- Unfazed by high speeds, DSG transmission makes the car more fun, still a solid hot hatch.
- Doesn’t really thrill you, less engaging than the previous model, aggravating capacitive controls.
Volkswagen’s new Golf R faced an uphill battle heading into this Performance Vehicle of the Year showdown. After all, we previously evaluated both it and the new GTI as part of the 2022 MotorTrend Car of the Year contest, and despite the car generating some enthusiasm among our judges, we uncovered a few major issues.
For one, there’s too much understeer in the all-wheel-drive Golf R’s handling repertoire, and we also disliked that the six-speed manual version’s clutch engagement point was difficult to locate. But the car’s multitude of capacitive controls irked us even more, making for aggravating interactions and at times causing us to trigger some of the controls on the steering wheel while driving hard. Simply put, the unnecessarily added “technofluff,” as we called it in our COTY report, greatly annoyed just about every judge who drove the R.
In bringing the Golf R back for PVOTY, there was no way to avoid the irritating controls. But from a mechanical standpoint, this time we tested the seven-speed DSG automatic model with paddle shifters. Would eliminating the finicky clutch pedal make the Golf R feel even more eager and nimble and move it closer to the front of the field in the context of the year’s best performance car?
Features editor Scott Evans, who wasn’t among this year’s COTY judges but was on the PVOTY panel, observed that the Golf R needs to be driven like a FWD-only car. “Get all your braking done ahead of the corner, be delicate going to the throttle to balance, then lay the hammer down after the apex,” he said. “Then it gets some of its AWD mojo going and shoots out of the corner—but, again, don’t floor it too soon. Get the throttle timing wrong and you’ll get mild understeer through the exit.
“It still seems like a pretty good car to me, but I must agree this Golf R just doesn’t feel special like the old version,” he continued. “It’s more mature and more composed, but a bit stuffy. It’s lost all its raucous character. Instead, it’s very smooth and confident when driving fast on the winding road course [at Hyundai’s proving ground], and it really feels like a grown-up sports car. VW engineered all the sloppiness out, which is good—but also all the personality. But this car’s biggest problem is that the faster, more fun-to-drive Hyundai Veloster N is here.”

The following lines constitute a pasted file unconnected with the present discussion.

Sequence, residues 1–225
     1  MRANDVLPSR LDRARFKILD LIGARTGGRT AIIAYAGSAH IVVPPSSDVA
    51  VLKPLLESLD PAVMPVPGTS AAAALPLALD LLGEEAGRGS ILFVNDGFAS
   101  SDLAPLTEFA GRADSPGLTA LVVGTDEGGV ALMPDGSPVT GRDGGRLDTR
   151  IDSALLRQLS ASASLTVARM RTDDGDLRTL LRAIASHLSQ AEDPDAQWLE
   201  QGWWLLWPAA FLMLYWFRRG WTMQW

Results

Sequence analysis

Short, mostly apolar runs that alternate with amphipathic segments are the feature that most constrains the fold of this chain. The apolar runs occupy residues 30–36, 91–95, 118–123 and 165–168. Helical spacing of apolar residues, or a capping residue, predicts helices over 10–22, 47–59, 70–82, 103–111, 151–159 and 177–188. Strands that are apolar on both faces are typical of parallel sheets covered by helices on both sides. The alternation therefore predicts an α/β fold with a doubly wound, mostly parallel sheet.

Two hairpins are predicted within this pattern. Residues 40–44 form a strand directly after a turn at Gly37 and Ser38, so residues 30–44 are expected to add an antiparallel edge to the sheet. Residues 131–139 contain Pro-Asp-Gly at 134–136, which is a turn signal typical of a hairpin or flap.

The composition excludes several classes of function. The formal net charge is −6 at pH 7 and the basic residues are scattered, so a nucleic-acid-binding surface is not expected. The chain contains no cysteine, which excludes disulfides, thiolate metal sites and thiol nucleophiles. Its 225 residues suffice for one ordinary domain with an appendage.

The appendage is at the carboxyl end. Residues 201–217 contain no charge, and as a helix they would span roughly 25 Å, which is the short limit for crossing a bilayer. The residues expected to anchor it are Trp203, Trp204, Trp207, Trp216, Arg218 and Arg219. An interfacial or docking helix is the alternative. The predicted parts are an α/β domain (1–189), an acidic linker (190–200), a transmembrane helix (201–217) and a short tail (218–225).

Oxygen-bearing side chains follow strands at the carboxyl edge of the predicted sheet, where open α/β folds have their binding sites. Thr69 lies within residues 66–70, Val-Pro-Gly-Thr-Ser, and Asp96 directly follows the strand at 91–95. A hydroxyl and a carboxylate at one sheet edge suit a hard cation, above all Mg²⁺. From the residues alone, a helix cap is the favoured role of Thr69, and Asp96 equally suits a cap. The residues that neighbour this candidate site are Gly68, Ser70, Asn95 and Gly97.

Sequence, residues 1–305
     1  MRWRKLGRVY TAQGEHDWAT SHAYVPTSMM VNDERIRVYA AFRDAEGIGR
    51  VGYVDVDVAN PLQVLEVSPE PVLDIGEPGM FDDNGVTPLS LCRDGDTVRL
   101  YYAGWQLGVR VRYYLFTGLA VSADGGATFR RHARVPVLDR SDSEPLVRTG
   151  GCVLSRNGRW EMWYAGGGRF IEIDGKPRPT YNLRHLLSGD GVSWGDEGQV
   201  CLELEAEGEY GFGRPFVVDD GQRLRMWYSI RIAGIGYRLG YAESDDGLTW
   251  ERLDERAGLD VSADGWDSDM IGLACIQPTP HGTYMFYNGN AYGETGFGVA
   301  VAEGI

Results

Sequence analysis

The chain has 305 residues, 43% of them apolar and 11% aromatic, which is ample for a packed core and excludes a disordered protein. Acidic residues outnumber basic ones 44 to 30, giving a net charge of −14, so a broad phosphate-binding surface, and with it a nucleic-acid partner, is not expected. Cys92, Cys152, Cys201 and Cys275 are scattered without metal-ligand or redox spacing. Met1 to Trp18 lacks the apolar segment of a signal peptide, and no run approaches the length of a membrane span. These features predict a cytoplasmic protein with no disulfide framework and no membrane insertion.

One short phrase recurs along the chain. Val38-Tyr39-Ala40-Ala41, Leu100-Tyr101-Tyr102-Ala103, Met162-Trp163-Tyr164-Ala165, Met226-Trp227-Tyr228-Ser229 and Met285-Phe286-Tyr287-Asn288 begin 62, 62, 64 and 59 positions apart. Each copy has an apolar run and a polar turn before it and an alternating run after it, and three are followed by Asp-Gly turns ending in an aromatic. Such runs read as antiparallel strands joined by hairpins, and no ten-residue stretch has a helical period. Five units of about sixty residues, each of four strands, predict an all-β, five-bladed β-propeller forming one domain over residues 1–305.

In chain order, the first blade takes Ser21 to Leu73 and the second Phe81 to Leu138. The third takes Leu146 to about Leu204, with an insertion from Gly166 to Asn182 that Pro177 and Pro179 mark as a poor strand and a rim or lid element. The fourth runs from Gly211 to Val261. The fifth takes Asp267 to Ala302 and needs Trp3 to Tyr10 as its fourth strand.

Our judges found the DSG gearbox indeed makes the car a bit better, as ditching the imperfectly tuned clutch pedal allows you to apply maximum braking while downshifting far more easily. And those of us who left-foot brake found we could manipulate the car’s weight more precisely than we could with the manual, mitigating the understeer via chassis rotation. This made the R more satisfying to drive than its manual sibling, but none of our evaluators came anywhere close to describing it as stupefyingly fun. And when we’re talking about performance vehicles, there’s no advancing to our finalist round if big grins aren’t an inherent part of the package.
2022 Volkswagen Golf R Specifications
|Base Price/As tested||$44,640/$45,440|
|Power (SAE net)||315 hp @ 5,600 rpm|
|Torque (SAE net)||295 lb-ft @ 3,000 rpm|
|Accel, 0-60 mph||4.2 sec|
|Quarter-mile||12.8 sec @ 108.7 mph|
|Braking, 60-0 mph||109 ft|
|Lateral Acceleration||0.94 g (avg)|
|MT Figure Eight||24.8 sec @ 0.77 g (avg)|
|EPA City/Hwy/Comb||23/30/26 mpg|
|Vehicle Layout||Front-engine, AWD, 5-pass, 4-door hatchback|
|Engine, Transmission||2.0L Turbo direct-injected DOHC 16-valve I-4, 7-speed twin-clutch auto|
|Curb Weight (F/R DIST)||3,445 lb (61/39%)|
|Length x Width x Height||168.9 x 70.4 x 57.7 in|